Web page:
Today, in a new op-ed from the New York Times, American Bridge 21st Century Co-Chair Gov. Steve Bullock outlined how Democrats can win back rural voters in key swing states by framing, “our policies, not in terms of grand ideological narratives, but around the material concerns of voters.”
According to Gov. Bullock, Democrats’ core message has been lost on rural Americans who see the party infighting and have come to the conclusion that “Democrats are not focused on helping them.” Without shifting our message to address these concerns and without showing up and listening to rural voters, our struggle to reach these people “could doom the Party in 2022.”
Ahead of the 2020 presidential election, American Bridge 21st Century knew it was imperative to lose by less in rural counties. We developed a program to reach these voters by using neighbors as messengers to bring them back over to the Democratic Party.
The paid media program in Michigan, Wisconsin, and Pennsylvania was incredibly successful, helping Biden receive 750,000 more votes in rural areas in those three states when compared to 2016.
In the 2022 midterm elections, American Bridge is once again targeting voters in rural America as a part of its $100 million paid media campaign. Additionally, it has launched Bridge Together, a new initiative sponsoring grassroots activists who organize year-round engagement efforts in rural parts of the country.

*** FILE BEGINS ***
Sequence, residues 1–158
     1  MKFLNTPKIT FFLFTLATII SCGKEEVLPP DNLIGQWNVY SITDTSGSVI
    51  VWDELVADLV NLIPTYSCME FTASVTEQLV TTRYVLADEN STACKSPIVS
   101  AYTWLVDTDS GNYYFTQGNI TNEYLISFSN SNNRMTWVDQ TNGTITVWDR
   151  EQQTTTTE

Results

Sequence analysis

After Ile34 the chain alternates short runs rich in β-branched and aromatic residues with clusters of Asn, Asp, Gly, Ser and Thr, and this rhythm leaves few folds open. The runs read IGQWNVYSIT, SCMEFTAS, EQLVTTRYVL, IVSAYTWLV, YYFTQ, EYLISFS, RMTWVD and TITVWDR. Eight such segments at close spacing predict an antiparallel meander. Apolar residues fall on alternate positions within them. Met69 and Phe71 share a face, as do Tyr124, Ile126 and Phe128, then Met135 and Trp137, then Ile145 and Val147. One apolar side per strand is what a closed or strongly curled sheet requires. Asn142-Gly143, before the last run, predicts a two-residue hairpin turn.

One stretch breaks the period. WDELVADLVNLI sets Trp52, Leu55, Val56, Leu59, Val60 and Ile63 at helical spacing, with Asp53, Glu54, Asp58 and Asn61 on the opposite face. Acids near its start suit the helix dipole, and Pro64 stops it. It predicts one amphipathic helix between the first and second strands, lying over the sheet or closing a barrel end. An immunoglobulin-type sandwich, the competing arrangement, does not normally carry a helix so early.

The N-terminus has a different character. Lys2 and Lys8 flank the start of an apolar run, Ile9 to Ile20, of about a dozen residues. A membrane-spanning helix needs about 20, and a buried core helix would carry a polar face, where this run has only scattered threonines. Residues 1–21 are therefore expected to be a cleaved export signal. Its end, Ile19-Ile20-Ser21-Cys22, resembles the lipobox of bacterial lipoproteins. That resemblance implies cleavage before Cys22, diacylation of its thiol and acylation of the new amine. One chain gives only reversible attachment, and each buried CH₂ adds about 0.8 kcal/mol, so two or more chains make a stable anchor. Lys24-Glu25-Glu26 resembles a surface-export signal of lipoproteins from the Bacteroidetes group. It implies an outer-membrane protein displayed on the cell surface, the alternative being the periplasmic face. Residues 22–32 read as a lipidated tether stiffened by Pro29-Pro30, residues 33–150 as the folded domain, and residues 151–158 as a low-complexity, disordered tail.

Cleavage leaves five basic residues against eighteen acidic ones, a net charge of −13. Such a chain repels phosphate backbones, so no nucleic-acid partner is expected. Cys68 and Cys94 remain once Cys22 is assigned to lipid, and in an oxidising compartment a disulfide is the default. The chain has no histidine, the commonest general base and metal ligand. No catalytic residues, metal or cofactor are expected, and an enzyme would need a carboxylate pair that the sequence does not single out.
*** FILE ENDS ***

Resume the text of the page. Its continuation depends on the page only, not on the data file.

The New York Times: Democrats Are in Trouble in Rural America. But There’s a Way Out.
By: Gov. Steve Bullock | December 03, 2021
- “I take no joy in sounding the alarm, but I do so as a proud Democrat who has won three statewide races in a rural, red state — the Democrats are in trouble in rural America, and their struggles there could doom the party in 2022.”
- “The core problem is a familiar one — Democrats are out of touch with the needs of the ordinary voter. In 2021, voters watched Congress debate for months the cost of an infrastructure bill while holding a social spending bill hostage. Both measures contain policies that address the challenges Americans across the country face.”
- “Yet, to anyone outside the Beltway, the infighting and procedural brinkmanship hasn’t done a lick to meet their needs at a moment of health challenges, inflation and economic struggles. You had Democrats fighting Democrats, letting the perfect be the enemy of the good, and desperately needed progress was delayed. It’s no wonder rural voters think Democrats are not focused on helping them.”
- “Get out of the cities and you will learn we have a libertarian streak, with a healthy distrust of government. We listen when folks talk about opportunity and fairness, not entitlements. We expect government to play a role in our having a fair shot at a better life, not solve all our problems.”
- “We need to frame our policies, not in terms of grand ideological narratives, but around the material concerns of voters. Despite our differences and no matter where we live, we generally all want the same things: a decent job, a safe place to call home, good schools, clean air and water, and the promise of a better life for our kids and grandkids.”
- “It’s time for Democrats to get uncomfortable and go beyond friendly urban and suburban settings to hear directly from folks in small towns who are trying to run a business, pay the bills, and maintain access to health care. They have stories to tell and ideas to share, and we should listen.”
Read the full op-ed here.
Published: Dec 3, 2021 | Last Modified: Dec 10, 2021